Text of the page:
NEW DELHI: India will not allow China to shift the Line of Actual Control westwards in eastern Ladakh, and though the prospects of a full-scale war are low, border tensions and intrusions escalating into a larger conflict cannot be ruled out, said chief of defence staff General Bipin Rawat on Friday.
“Our posturing is unambiguous – status quo has to be restored,” said Gen Rawat, even as India and China held the eight-round of military talks to defuse the almost seven-month-long tense military confrontation in the high-altitude region on Friday.
“In the overall security calculus, a full-scale conflict with China is low on probability. However, border confrontations, transgressions and unprovoked tactical military actions spiralling into a larger conflict cannot be discounted,” said Gen Rawat, speaking at a webinar here.
The country’s top military officer also stressed India will not allow “any shifting” of the LAC by China, which he said is now facing “unanticipated consequences of its misadventure” due to the firm and strong response by the Indian forces in eastern Ladakh.
IAF chief Air Chief Marshal R K S Bhadauria also emphasized that India’s “proactive actions and strong posture” were instrumental in dissuading China from making “any further attempts to alter the status quo” in Ladakh. The swift deployment of IAF’s “offensive capabilities” reflected the nation’s resolve to use airpower if the need arises, he added.
There was no official word on the outcome of the corps commander-level talks, led by 14 Corps commander Lt-General P G K Menon and South Xinjiang Military District chief Major General Liu Lin, which lasted for almost 10 hours at the Chushul border meeting point in eastern Ladakh on Friday.
Sources, however, said India stuck to its stand of “complete de-escalation” at troop face-off sites as well as along the entire frontier in eastern Ladakh, rejecting the “piecemeal and one-sided disengagement steps” being proposed by China.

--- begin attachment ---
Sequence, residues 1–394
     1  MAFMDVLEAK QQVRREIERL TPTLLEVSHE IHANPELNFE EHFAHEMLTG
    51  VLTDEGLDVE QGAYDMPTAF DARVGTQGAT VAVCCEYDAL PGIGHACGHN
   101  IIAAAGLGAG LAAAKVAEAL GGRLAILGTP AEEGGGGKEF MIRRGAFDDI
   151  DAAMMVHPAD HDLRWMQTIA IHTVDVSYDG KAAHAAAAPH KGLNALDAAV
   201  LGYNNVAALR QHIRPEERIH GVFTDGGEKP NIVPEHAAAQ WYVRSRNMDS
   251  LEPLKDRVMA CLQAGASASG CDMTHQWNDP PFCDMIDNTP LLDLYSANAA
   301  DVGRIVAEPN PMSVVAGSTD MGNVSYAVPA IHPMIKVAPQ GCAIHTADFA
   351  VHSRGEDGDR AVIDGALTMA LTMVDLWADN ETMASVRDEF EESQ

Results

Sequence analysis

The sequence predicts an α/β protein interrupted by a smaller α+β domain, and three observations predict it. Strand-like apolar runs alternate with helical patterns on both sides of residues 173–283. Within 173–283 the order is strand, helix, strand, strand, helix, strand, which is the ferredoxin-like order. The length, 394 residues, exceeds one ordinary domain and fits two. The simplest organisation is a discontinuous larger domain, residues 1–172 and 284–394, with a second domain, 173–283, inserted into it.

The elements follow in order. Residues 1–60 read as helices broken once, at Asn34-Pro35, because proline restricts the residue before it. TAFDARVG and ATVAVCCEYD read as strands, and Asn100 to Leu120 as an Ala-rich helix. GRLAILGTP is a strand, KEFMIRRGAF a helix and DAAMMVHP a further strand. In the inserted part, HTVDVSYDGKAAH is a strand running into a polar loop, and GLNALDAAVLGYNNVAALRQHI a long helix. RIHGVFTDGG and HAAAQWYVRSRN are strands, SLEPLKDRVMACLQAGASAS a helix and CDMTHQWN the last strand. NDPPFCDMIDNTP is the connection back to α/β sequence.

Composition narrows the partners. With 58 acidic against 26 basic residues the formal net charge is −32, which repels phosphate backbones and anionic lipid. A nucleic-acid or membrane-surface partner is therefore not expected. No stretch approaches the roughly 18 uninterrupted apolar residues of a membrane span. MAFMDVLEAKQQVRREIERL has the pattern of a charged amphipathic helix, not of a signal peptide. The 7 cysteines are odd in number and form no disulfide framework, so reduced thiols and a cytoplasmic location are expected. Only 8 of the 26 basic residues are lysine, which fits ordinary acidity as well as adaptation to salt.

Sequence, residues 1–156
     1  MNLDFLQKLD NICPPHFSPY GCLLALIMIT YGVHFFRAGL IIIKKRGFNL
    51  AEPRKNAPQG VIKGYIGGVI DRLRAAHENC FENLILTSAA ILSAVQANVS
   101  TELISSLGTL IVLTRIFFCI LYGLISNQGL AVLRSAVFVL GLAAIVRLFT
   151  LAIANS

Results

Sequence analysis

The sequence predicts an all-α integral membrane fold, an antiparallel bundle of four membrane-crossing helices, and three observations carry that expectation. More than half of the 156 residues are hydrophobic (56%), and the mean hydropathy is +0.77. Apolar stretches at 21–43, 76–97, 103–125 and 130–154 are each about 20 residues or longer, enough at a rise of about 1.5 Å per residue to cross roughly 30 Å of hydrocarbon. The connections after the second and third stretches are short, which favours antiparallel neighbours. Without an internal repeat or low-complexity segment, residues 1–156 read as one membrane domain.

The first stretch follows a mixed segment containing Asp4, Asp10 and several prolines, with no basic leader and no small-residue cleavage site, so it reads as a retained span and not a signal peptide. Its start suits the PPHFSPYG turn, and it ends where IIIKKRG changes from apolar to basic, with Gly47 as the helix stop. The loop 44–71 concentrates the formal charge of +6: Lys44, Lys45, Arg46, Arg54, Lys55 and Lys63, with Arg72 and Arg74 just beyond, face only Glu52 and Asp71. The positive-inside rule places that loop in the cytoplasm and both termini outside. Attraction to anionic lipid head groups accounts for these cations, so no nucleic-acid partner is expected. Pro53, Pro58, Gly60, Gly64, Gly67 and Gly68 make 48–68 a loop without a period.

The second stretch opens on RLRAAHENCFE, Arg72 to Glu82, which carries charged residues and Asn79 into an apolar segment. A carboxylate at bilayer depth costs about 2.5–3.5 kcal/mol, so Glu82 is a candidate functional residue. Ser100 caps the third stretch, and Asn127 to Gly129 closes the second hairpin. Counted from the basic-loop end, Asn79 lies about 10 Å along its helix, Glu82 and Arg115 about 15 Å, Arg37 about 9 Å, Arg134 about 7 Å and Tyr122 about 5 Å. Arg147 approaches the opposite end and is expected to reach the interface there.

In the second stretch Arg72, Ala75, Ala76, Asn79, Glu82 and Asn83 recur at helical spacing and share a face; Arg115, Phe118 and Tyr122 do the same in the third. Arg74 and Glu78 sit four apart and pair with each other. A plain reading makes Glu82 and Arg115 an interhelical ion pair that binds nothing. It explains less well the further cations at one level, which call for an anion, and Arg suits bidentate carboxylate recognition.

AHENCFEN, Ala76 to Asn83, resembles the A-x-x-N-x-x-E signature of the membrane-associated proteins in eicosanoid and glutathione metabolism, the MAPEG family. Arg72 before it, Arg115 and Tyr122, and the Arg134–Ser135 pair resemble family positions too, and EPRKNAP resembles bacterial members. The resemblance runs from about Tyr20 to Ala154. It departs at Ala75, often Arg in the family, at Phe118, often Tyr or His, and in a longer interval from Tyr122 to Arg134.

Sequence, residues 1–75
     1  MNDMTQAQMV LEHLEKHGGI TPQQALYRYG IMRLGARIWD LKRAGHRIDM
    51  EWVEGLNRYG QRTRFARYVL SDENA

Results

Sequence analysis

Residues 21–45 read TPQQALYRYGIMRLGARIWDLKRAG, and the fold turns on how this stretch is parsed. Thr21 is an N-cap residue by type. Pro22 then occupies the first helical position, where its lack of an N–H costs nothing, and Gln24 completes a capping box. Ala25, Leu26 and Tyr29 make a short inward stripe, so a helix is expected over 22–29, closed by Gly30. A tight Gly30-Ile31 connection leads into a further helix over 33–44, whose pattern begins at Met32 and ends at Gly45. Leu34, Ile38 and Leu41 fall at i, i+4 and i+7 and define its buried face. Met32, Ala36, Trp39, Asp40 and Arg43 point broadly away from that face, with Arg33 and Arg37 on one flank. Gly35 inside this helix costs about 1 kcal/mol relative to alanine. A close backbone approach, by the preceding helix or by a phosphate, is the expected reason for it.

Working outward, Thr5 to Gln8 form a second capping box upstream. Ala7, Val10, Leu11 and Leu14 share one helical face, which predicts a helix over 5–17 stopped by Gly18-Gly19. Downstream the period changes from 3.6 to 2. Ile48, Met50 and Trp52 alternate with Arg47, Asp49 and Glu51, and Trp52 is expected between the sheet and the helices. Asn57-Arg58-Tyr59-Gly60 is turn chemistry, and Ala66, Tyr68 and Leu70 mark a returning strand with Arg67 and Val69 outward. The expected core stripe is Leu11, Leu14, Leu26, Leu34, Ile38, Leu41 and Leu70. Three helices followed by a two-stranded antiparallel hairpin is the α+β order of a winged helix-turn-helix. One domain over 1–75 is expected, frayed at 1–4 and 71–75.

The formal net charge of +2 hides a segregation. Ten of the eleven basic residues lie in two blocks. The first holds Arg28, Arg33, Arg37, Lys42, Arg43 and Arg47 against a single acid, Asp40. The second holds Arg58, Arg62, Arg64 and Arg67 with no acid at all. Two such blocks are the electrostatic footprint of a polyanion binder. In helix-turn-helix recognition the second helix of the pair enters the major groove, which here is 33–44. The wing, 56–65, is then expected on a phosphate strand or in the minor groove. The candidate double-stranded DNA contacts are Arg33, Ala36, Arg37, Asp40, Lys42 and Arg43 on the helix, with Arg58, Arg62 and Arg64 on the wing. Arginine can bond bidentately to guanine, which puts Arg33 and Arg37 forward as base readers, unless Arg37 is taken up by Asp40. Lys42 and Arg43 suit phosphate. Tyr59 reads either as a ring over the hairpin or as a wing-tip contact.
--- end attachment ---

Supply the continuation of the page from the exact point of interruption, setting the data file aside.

With no signs of de-escalation yet, over 50,000 soldiers each from the two armies, backed by howitzers, tanks and surface-to-air missile systems, have dug in for the long haul at heights over 15,000-feet.
“With temperatures already dipping to minus 20 degree Celsius in some places, both sides have built shelters and other makeshift infrastructure. Both are also rotating troops,” said an officer.
The Army’s proactive military manoeuver to occupy several tactical heights on the south bank of Pangong Tso-Kailash range area in the Chushul sector on August 29-30, after being caught off-guard by multiple PLA intrusions across the LAC in May, has provided India with some leverage in the diplomatic and military talks currently underway.
“China thought it would get away with presenting India with a fait accompli in the `Finger’ area on the north bank of Pangong Tso. The PLA was not prepared for India’s strong counter-deployment and counter-action, which is forcing it to keep a large number of troops there through the harsh winter,” said an officer.
At the webinar, Gen Rawat said India had no option but to be prepared for a two-front scenario because China and Pakistan are “increasingly acting in collusion”.
The economic slowdown due to the Covid-19 pandemic has made China “repressive at home” and “aggressive abroad”, as is evident through its posturing in the South China Sea, East China Sea and the Taiwan Straits.
“For India, the challenges have manifested with military flare-ups along the LAC. In the coming years, we are likely to witness the aggressive pursuit of hegemonic interests by China,” he said.
“The persisting boundary dispute, China’s support to Pakistan, its increasing influence in South Asia through BRI projects and unbalanced economic relationship is likely to ensure that in the near future, the Sino-India relationship will remain a fundamentally competitive one,” he added.